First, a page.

‘The Whistlers’ Review: Quirky Romanian Thriller Plays It Safe
Romanian films don’t often find themselves under the international spotlight, but when they do, they tend to be about as hard-hitting as they come. 2016’s Graduation was like getting slapped around in the cinema for 128 minutes, while the modern classic 4 Months, 3 Weeks, and 2 Days is perhaps the greatest and most harrowing film ever made about abortion.
Imagine my surprise, then, when I hear about about The Whistlers — a darkly comic thriller about a corrupt cop who’s tasked with learning a whistling language native to the Canary Islands. There’s more to it than that, but the film’s extremely nonlinear and dilatory method of storytelling prevents much in the way of synopsis.
Vlad Ivanov stars as Cristi, the aforementioned cop, who’s become so tangled up in a plot to launder money through a mattress company that it’s not entirely clear if even he understands his level of involvement. Both his superiors at the police station and in the underworld are breathing down his neck after one of his main contacts gets busted, and Cristi is therefore responsible from breaking him out of prison. For whatever reason, he needs to learn to communicate via whistling in order to do this.
If this sounds convoluted, that’s because it very much is. The film does a good job of not taking itself too seriously while also maintaining a cool sense of detachment — largely thanks to Corneliu Porumboiu‘s careful direction. The Whistlers‘s seemingly endless chapters and flashbacks all do end up forming a cohesive whole by the end, despite the film’s attempts to fracture its narrative into as many parts as possible.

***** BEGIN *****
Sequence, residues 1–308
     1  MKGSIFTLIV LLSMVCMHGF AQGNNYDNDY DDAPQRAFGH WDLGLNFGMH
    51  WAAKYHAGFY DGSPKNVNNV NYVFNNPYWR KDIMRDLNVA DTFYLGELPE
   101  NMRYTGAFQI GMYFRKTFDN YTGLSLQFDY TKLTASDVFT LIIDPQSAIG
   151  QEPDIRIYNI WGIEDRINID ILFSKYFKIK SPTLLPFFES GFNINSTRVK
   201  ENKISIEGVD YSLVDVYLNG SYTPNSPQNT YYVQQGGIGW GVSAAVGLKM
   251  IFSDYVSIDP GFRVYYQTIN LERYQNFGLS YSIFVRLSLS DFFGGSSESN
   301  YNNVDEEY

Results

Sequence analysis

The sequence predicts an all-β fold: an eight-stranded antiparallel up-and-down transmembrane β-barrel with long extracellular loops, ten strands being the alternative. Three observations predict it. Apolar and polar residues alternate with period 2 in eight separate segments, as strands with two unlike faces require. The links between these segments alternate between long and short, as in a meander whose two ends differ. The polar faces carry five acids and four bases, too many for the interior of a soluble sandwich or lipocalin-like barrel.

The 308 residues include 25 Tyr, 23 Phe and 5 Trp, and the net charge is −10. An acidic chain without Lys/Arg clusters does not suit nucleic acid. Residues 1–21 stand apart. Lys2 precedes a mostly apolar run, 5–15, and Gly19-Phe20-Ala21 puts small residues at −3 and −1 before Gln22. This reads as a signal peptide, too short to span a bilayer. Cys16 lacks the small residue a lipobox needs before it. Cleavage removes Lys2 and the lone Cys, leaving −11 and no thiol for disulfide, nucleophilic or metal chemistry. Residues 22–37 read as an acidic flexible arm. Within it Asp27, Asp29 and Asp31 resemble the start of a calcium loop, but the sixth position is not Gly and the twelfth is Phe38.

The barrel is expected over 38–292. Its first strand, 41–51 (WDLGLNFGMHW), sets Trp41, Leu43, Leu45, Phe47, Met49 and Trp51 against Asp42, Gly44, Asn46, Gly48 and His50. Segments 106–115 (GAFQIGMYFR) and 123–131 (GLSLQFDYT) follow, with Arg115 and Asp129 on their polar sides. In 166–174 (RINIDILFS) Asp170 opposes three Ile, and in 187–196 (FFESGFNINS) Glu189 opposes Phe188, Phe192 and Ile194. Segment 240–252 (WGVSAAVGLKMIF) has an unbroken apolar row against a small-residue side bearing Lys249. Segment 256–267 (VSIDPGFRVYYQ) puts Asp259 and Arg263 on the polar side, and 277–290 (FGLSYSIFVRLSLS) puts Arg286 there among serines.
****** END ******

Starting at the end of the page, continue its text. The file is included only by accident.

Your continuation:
The ending, however, is where the film really starts to let down. The Whistlers is at no point a fully original film, borrowing heavily from work already done by the Coen brothers or a films Sexy Beast, but what few sparks of ingenuity are present in the beginning have vanished by the end. The last half hour or so of the film is a real slog, with few surprises and even fewer moments of genuine satisfaction.
As entertainment, however, the movie does undoubtedly succeed. The story, while far from novel, is enough to keep the average viewer interested, and the moments of sex, violence and suspense are dropped in just dutifully enough to carry the film through to its conclusion.
While The Whistlers is a welcome reprieve from the usual nightmare fuel coming out of Romania, it does lack much of the courage that many of its national cinematic brethren seem to have. While undoubtedly a good time, the film promises far more than it delivers — thankfully it still delivers enough to be worth a watch.
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